According to the National Retail Federation, despite the war with the Iraq, March retail sales (which include catalog) rose 2.2%.
You can thank me later.
You see, I’ve been on quite the spending spree. Via catalog and the Internet I bought sheets and clothes from J.C. Penney, a swimsuit from Newport News, shoes and games from Pearl River, men’s shirts from Lands’ End, beauty items from CCB-Paris, cleaning products I’m highly unlikely to use from The Clean Report, candles from Red Envelope, books from Amazon.com…
Maybe that doesn’t seem like much to you. But according to my family, many of my friends, and my managing editor, I’m a tightwad. (I prefer to think of myself as fiscally conservative.)
I can tell you what triggered my uncharacteristic urge to spend: the war with Iraq. The cable stations, the newspapers, and the Internet have been clotted with reports on the war. Pile the steady stream of tragedy and the vague threats of retalitory terrorism atop the grimness of the economy, and it’s enough to drive even a cheapskate — I mean, frugal spender — like me to escape into the serene pages of the nearest catalog. And if my credit card happens to be at hand, well, why not order those pretty black slippers with the Chinese embroidery for a quick pick-me-up?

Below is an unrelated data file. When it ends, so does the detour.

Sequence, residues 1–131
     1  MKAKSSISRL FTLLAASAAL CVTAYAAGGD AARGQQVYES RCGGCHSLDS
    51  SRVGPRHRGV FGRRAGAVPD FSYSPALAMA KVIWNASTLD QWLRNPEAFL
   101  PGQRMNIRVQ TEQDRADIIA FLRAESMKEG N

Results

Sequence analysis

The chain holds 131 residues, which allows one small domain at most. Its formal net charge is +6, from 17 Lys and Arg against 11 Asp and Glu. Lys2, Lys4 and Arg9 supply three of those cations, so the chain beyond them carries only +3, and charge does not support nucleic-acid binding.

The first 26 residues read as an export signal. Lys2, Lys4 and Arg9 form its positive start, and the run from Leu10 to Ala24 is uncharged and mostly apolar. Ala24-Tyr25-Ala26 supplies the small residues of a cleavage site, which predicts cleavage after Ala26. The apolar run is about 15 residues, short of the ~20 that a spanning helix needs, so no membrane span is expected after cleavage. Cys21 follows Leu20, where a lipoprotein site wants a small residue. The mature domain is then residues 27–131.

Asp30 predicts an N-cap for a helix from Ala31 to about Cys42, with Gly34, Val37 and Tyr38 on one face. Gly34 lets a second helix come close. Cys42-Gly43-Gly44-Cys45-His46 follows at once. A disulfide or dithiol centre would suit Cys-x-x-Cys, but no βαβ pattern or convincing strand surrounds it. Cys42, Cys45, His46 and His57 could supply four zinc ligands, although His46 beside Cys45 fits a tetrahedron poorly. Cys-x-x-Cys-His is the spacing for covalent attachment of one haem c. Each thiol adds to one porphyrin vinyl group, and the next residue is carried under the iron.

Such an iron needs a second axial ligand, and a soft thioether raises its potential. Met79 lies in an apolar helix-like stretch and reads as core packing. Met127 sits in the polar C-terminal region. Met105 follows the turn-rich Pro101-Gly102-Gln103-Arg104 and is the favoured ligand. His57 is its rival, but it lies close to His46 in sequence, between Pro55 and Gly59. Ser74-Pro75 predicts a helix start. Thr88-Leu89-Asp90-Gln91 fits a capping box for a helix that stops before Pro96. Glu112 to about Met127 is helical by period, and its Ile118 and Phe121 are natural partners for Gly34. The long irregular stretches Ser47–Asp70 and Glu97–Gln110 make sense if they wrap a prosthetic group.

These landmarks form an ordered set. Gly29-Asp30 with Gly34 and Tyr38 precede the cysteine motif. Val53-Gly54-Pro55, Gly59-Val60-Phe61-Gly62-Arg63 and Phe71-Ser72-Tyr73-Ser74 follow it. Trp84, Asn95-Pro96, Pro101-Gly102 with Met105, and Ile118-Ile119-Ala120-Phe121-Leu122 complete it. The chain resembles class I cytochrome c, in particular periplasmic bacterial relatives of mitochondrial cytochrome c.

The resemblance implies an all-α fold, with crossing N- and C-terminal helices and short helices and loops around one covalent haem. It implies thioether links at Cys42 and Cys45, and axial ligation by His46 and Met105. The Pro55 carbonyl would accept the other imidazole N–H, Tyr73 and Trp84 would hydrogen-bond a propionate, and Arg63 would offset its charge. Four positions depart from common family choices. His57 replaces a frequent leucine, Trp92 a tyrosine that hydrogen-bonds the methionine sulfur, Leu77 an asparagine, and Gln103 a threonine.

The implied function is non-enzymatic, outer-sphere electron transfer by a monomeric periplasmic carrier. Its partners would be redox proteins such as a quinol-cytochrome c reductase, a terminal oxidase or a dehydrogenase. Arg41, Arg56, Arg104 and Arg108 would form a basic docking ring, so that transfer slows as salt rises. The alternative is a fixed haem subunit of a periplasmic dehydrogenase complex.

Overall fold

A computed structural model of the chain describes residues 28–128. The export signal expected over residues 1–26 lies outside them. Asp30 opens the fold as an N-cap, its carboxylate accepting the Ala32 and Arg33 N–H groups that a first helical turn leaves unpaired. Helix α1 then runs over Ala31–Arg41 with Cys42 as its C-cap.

The smartest, and I’d guess the most successful, catalogs this season are subtly capitalizing on consumers’ urge to consume away their woes by designing covers that are pure escapism. Case in point: the spring edition of “reading tools” catalog Levenger. The cover is an Easter basket of baby blues and bright yellows, far different from its usual serious browns. Or take the cover of one of Lands’ End’s overstocks catalogs: a closeup of a single white-and-yellow daisy against an ideal blue sky.
By now, those nearest and dearest to me may be wondering if they should call a doctor about the sudden change in my personal habits. But I should mention that in several cases, it took the promise of free shipping or discounts on certain items or purchases of a certain size. For nearly 40 years I’ve done my damnedest to avoid paying full price. Even the strife of the past several months can’t alter that.